was starting the drive home when he noticed the fuel gauge. "You
didn't get any gas, did you?" he said. Since arriving in San
Francisco, the Days had done driving tours of the city day and
"Oh, please," Jennifer said. "The light's not even on."
Day pointed to the glowing low-fuel warning light. The car was
running on fumes. "Shoot," Jennifer said. "But you love me."
"I love you so much, you can go out and push if we run out of
gas," said the golfer.
They made it home, to the house they had rented for the week
from an Olympic member. Two other couples, friends from Little
Rock, were staying there, along with Day's Australian caddie,
David Munce. In 13 hours Day would be hitting his opening shot
in just his third U.S. Open. (He played in 1994 and '95 without
making the cut.) He was soon sitting at the dining room table,
sipping a Coors' Light, and his mood grew serious. "I'm excited
about tomorrow, 'cause I know I'm going to hit it in the rough,
and I know how I'm going to handle it," he was saying. "My
granddaddy--God rest his soul, he's been dead forever--used to
say, 'The harder you try, the behinder you get.' Corny old
saying, but it's the truth. Now I laugh at the mistakes and stay
calm when I'm playing well. That's why I'm playing better."
There was a time when he thought he might not be playing golf at
all. Day was a superb junior golfer in Mississippi and a good
collegiate player at Ole Miss. He played as a freshman, but in
his sophomore year he started battling with his coach, Ernest
Ross. Ross wanted Day to practice harder. Day, who believed then
and still believes in practicing on the course, wanted to party
harder. In the middle of the season he quit the team and stopped
playing golf cold turkey. He figured he would get his degree, go
to New York, become a stockbroker and maybe play Sunday golf.
One night after his third year at Mississippi, in a bar in
Oxford, Day bumped into the Oklahoma golf coach, Gregg Grost. "I
heard you stopped playing," Grost said. "That's stupid." In a
series of telephone conversations, Grost persuaded Day to come
to Oklahoma, without a scholarship, and resume his golf career.
Day's mother thought the move was a waste of time. "She said, 'I
am not going to pay for you to go there so that you can party,'"
Day says. But Day went, dedicated himself to tournament golf
again and became an All-America his first year in Norman and
again as a fifth-year senior. "After I graduated, somebody said,
'Asia,'" Day says. "I didn't even know where Asia was, but off I
went to play there. My granddaddy staked me the money. I wasn't
very good, I was learning how to play, but I did all right."
Day is still learning how to play. Who isn't? His game is
mellow. He barely holds on to the club, and there's no moment of
violence in his swing. He's not long, doesn't hit the ball high
and rarely tries to play a draw, but he's in control of his ball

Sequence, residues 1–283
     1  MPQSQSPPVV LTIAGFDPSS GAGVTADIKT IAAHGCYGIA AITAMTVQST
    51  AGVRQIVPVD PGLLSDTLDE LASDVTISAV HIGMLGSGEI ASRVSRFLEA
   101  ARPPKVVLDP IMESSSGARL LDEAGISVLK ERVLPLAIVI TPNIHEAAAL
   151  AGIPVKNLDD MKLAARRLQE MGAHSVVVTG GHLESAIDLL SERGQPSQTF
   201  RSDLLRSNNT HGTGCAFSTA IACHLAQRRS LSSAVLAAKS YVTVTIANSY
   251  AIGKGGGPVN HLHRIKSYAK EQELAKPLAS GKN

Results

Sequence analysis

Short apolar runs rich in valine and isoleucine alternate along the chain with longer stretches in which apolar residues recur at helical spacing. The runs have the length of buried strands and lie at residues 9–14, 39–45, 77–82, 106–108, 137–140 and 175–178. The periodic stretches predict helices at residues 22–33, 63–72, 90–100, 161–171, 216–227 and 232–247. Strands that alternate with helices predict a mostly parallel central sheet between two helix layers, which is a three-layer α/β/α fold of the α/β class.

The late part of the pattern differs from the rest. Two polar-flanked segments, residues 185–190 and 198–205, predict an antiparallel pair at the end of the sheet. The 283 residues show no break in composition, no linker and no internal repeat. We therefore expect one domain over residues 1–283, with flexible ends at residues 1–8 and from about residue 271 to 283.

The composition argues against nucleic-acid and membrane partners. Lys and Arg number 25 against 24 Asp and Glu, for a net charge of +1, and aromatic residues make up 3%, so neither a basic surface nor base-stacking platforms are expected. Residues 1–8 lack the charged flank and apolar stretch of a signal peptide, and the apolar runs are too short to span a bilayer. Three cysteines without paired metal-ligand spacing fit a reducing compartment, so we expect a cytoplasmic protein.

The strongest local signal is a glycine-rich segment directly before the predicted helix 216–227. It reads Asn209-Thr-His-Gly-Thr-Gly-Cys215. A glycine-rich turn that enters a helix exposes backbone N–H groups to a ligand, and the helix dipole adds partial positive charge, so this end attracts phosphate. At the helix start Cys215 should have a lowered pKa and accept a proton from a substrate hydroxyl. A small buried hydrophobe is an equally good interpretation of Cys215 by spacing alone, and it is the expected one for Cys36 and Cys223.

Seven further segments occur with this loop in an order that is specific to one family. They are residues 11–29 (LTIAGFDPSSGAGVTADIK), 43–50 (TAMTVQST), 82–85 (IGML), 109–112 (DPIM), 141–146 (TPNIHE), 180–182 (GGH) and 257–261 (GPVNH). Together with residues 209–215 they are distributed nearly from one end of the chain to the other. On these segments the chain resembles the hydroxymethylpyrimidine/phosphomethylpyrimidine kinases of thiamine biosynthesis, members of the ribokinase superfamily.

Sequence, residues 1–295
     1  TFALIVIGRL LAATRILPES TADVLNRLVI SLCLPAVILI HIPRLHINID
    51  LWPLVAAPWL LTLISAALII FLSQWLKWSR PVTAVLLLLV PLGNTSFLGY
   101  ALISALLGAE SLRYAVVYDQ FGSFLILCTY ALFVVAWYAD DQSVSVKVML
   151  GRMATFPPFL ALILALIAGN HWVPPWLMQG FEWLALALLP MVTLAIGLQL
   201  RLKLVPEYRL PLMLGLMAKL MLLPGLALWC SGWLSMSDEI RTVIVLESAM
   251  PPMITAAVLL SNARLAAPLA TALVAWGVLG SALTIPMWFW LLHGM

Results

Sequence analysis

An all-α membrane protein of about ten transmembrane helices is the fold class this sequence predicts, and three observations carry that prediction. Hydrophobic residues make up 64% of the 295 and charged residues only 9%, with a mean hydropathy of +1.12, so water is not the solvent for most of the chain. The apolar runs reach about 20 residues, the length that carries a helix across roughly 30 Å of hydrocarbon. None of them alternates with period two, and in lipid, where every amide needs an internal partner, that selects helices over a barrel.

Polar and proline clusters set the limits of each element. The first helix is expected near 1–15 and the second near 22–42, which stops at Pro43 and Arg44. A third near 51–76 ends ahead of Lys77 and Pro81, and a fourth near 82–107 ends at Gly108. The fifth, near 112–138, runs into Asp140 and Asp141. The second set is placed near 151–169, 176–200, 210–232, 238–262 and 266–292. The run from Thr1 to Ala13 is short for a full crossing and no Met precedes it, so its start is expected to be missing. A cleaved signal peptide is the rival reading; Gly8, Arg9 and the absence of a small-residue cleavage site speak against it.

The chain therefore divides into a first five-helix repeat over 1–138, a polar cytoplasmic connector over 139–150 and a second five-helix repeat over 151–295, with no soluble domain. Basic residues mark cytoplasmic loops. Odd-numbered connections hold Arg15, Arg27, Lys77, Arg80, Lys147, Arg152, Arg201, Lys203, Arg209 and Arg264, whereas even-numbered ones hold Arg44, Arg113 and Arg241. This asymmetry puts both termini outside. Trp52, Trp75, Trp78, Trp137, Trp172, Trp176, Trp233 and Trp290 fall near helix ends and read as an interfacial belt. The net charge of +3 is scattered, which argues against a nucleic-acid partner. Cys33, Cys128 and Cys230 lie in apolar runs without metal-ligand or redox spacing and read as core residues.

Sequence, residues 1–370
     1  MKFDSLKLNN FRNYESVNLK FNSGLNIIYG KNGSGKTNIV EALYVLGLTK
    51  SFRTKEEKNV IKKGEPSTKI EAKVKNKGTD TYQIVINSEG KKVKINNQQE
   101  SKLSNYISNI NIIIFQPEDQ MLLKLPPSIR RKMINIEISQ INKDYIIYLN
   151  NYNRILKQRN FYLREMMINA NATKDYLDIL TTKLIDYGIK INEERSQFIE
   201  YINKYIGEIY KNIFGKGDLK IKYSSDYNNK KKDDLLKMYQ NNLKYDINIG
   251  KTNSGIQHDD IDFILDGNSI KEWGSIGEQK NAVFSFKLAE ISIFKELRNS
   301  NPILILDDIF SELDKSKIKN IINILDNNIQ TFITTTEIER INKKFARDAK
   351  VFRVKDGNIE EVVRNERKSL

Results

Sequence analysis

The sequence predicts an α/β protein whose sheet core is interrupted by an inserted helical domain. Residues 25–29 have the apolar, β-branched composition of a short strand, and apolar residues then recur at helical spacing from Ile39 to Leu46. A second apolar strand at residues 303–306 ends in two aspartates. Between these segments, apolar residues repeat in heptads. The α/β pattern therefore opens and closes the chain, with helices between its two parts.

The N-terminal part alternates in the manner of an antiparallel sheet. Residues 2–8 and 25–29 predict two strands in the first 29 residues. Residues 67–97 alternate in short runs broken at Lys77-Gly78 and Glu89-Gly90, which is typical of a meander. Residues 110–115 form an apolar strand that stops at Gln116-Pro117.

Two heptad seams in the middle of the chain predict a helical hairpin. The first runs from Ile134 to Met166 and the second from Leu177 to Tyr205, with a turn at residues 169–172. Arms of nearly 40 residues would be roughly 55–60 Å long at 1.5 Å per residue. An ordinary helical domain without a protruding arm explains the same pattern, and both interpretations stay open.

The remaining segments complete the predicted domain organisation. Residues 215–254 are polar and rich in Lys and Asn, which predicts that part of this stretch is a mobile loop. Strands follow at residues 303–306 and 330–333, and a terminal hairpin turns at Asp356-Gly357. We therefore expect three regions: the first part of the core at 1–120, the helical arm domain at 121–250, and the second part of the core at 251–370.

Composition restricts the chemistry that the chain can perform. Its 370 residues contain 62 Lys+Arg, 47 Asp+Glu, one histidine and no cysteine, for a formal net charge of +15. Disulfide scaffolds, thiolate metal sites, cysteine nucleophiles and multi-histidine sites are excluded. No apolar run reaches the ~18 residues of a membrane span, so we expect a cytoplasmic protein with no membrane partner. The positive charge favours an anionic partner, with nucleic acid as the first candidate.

from start to finish. His swing is lazy and unhurried. In fact,
everything he does is unhurried. That's why Nicklaus stuck him
with the nickname All Day, which he has stamped on his golf
balls. Now that he has sped up, his nickname has been upgraded
to Half Day.
His emerging philosophy--laugh at the bad shots, stay calm when
you're playing well--is ideal for Open play and served him well
at Olympic. Day hit tee shots that landed in the middle of the
fairway and wound up submerged in six inches of rough, and he
did not so much as shrug. In the second round, on the 18th
green, Day stroked a 25-foot birdie putt that looked for all the
world as if it would die on the lip. Instead it rolled down the
hill and left him with a 25-footer for par, which he missed. He
was five blades of grass from being three over par for 36 holes.
Instead he was five over. He did not get into a staring match
with his ball, as Payne Stewart did in that same situation.
Instead Day waved playfully at the ball while it rolled past
him. He may have missed a putt, but he had won over the crowd.
Day left it to his alter ego, Munce, to let a USGA official have
When the Days were audited last year, the auditor didn't
understand why Glen's psychology bills, paid to Bob Rotella,
were a business expense. The auditor should have been at
Olympic. Day spent four days on a grueling course without ever
losing his head. Anyone who has played in an Open will tell you
that's an immense victory.
It was Day's best Open, by far. He would have had a top-10
finish were it not for the 16th and 17th holes, which he played
in seven over for the week. But in the end he was disappointed.
"I thought I could win this tournament," he said on Sunday
evening in the locker room as he packed up for Chicago and this
week's Western Open, "but I never got on top of this course."
U.S. Open Sunday, Father's Day, was drawing to a close. Day's
little girls were back home, far away. It was not a satisfactory
day. It was not a satisfactory week. Day is not just another guy
content to make good paychecks, a man with a Southern accent and
a devoted wife and a face that reveals nothing. He wants to win
more than he wants anything in the world. He is eager and ready
Glen's granddaddy used to say that good things come to those who
wait. Corny old saying, but it's the truth. Glen Day is willing
to wait. It took him a decade to get where he is, to learn what
he has learned. He knows what the next decade will bring, he
just knows it.
"My granddaddy...used to say, 'The harder you try, the behinder
you get,'" says Day.
Day's philosophy--laugh at bad shots, stay calm when you're
playing well--is ideal for Open play.